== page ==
2. 11.4.4. Judges other than the Justices referred to in Section 2.11.4.6 herein shall be appointed by the Presidency on the recommendation of the National Judicial Service Commission.

2. 11.4.5. The National Judicial Service Commission shall be chaired by the Chief Justice. Amongst others, representatives of academia, judges, members of the legal profession, members of the National Legislature, and the Minister of Justice shall sit on this Commission. The National Judicial Service Commission shall be as determined in the Interim National Constitution referred to in paragraph 2.12 herein and shall reflect the need for appropriate representation, inclusiveness, and diversity.

2.11.4.6. (i) All Justices of the Constitutional Court shall be appointed by the Presidency on the recommendation of the National Judicial Service Commission, subject to approval by two-thirds ((2/3)) majority of all the members of the Council of States, having regard to competence, credibility and the need for fair representation.

(ii) All Justices of the National Supreme Court shall be appointed by the Presidency on the recommendation of the National Judicial Service Commission, having regard to competence and credibility.

Implementation History

2005

Full Implementation

The 2005 CPA contained judicial reform provisions that required the establishment of the Constitutional Court, the National Supreme Court, and appellate Courts. With respect to the Constitutional Courts, its members are appointed by the president upon the approval of the National Judicial Service Commission, and subject to two-third majority approval of all members of the Council of States. Nevertheless, the CPA requires an adequate representation of southern Sudan in the Constitutional Court. In the 2005 Interim Constitution, which was enacted in July, these reforms were institutionalized.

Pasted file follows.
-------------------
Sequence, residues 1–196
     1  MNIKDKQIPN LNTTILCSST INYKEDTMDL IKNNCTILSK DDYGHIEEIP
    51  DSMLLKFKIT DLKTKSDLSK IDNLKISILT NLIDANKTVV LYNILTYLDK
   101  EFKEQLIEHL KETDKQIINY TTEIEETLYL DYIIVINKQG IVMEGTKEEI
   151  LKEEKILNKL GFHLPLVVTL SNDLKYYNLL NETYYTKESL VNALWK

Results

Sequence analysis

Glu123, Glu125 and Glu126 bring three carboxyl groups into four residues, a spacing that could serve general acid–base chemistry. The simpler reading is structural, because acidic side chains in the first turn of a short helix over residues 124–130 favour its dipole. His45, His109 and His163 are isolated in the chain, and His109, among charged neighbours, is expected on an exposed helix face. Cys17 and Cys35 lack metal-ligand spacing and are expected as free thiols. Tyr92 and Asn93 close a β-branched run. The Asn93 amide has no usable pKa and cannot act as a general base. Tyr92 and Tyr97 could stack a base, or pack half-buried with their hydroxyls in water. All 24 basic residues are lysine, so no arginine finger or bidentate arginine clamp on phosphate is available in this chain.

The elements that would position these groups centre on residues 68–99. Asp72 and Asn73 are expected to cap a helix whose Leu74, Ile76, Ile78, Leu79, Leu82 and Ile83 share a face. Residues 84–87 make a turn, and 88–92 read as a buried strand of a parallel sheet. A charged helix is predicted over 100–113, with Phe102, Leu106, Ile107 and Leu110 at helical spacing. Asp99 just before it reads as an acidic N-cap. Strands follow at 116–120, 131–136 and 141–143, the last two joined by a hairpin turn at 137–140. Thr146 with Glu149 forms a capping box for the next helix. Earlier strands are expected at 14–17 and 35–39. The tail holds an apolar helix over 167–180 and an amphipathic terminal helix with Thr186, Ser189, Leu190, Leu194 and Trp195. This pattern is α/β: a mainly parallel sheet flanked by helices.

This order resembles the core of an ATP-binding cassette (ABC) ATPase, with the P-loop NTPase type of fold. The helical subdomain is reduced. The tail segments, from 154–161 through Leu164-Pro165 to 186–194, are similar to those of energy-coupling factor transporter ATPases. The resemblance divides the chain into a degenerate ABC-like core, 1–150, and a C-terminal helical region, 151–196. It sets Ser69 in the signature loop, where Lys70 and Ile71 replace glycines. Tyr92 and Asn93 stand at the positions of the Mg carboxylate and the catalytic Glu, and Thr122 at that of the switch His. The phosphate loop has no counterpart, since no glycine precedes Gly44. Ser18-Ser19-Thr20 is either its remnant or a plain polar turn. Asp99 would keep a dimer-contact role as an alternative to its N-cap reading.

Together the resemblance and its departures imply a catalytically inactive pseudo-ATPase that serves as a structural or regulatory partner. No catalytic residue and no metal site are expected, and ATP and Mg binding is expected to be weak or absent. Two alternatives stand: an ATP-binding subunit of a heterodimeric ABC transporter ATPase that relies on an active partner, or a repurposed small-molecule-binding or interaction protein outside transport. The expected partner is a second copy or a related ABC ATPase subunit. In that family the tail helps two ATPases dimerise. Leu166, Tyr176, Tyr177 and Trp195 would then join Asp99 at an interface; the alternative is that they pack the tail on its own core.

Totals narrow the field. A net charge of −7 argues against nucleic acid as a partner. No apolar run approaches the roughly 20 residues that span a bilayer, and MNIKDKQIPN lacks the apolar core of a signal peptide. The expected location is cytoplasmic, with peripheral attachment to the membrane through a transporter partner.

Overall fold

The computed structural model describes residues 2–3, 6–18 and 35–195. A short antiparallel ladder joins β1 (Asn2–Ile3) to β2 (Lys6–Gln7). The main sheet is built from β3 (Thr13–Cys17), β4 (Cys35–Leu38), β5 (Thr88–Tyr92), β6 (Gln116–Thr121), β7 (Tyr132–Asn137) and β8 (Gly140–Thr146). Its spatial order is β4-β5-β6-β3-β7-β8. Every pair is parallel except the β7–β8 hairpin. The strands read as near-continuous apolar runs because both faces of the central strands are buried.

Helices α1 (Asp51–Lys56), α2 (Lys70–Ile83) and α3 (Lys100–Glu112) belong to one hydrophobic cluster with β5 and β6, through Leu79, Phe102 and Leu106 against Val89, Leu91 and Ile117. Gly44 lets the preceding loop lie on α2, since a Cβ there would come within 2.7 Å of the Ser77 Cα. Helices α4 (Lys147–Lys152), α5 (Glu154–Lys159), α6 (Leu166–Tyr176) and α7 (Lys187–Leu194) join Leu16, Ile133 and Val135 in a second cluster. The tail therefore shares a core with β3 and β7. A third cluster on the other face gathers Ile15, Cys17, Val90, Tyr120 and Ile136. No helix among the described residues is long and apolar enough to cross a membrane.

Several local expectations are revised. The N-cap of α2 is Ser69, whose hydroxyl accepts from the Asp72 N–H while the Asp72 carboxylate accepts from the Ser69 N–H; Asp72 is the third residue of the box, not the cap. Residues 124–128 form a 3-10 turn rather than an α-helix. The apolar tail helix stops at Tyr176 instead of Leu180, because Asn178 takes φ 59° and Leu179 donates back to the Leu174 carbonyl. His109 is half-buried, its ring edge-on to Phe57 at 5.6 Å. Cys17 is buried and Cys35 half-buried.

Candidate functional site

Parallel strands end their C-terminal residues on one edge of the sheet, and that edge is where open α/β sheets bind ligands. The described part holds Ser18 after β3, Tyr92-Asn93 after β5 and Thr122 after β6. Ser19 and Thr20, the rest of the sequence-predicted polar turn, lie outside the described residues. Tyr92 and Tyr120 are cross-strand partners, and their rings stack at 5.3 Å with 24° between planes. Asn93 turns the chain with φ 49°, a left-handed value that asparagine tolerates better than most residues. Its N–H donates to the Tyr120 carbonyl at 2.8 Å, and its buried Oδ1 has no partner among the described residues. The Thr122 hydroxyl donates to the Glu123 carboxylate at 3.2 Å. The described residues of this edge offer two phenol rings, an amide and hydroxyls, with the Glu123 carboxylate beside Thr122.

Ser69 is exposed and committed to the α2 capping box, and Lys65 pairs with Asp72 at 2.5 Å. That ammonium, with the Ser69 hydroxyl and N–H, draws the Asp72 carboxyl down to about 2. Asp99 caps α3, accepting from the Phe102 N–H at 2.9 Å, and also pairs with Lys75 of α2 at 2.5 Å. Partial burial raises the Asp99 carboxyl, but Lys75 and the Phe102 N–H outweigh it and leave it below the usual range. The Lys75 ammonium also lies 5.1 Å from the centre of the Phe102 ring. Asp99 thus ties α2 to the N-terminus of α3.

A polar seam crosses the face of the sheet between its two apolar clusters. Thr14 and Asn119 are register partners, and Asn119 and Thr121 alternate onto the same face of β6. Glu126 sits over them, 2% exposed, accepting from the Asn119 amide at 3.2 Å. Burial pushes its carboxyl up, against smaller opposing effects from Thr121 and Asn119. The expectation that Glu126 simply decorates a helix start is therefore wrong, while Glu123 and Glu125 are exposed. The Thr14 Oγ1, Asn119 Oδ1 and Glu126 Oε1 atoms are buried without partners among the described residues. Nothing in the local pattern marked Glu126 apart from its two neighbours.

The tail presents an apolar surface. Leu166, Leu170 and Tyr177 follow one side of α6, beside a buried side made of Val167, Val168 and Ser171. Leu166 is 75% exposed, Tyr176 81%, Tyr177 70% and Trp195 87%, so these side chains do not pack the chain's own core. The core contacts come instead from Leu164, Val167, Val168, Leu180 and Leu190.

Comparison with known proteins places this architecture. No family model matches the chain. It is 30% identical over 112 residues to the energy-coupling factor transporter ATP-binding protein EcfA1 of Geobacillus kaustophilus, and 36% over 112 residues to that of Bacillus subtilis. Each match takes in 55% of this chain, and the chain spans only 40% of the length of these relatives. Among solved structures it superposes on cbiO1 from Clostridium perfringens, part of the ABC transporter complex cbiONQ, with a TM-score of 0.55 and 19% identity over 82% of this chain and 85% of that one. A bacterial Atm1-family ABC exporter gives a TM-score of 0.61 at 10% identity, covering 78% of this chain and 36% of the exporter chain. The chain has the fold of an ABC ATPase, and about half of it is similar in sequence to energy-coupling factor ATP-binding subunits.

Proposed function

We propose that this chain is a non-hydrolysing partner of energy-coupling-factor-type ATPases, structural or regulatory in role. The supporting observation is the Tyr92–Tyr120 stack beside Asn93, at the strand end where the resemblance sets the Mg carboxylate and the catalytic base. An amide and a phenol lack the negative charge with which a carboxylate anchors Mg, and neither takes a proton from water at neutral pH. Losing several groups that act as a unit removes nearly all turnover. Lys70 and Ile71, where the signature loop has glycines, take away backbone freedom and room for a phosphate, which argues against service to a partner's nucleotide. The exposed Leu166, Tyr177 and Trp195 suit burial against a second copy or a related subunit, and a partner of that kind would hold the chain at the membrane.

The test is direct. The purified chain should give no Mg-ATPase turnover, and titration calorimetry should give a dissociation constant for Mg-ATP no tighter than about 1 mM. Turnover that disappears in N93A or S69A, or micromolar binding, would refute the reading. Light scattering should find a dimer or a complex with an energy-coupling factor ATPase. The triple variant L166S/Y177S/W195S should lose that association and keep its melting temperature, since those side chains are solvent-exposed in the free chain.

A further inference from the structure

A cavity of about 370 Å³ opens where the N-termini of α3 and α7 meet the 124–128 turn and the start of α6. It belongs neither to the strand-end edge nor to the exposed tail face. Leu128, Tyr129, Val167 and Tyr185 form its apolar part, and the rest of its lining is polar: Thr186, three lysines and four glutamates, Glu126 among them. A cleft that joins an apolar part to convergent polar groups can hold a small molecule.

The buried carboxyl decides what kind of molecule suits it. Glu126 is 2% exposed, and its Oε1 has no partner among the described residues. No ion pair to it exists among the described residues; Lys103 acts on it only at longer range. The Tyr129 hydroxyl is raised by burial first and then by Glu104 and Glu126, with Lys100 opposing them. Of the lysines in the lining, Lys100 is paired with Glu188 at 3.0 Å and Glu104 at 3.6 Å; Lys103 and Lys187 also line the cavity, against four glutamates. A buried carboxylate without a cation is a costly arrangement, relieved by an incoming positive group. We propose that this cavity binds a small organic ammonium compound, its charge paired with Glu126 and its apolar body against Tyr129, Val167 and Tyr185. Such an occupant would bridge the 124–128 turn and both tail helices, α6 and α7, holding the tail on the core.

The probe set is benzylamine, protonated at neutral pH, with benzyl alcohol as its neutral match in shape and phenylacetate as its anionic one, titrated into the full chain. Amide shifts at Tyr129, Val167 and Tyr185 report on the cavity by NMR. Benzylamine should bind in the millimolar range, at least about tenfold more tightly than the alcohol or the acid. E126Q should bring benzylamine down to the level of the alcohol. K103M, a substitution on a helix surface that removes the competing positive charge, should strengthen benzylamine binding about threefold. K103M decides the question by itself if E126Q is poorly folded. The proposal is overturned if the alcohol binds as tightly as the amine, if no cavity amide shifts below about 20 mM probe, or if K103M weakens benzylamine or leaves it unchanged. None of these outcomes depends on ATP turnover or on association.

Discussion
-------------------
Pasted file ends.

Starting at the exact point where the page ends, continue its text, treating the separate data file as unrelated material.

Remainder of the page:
The National Assembly approved the Constitutional Court Act on 1 October 2005. This act became law in November. According to this act, Mr. John Aungi Kasiba from SPLM and Dr. Wahabi Mohamed Mukhtar from NCP were appointed as Deputy Chief Justices. Mr. Jalal-Eddin Mohamed Osman from NCP was appointed as Chief Justice. These appointments were made on 28 November 2005. Similarly, the president and members of the Constitutional Court were sworn in on 31 December 2005.1

Similarly, the National Judicial Service Act was adopted in October 2005. The National Judicial Service Commission was established on 7 December 2005.2 With the establishment of the Constitutional Court, the Supreme Court and the representation of southern Sudan in the Constitutional Court, the judicial reforms took place in Sudan as sought by the 2005 CPA.

  • 1. "The CPA Monitor-Monthly report on the Implementation of the CPA," UNMIS, March 2006.
  • 2. Ibid.
2006

Full Implementation

Judicial reforms took place in 2005. No further developments observed.

2007

Full Implementation

No further developments observed.

2008

Full Implementation

No further developments observed.

2009

Full Implementation

No further developments observed.

2010

Full Implementation

No further developments observed.

2011

Full Implementation

No further developments observed.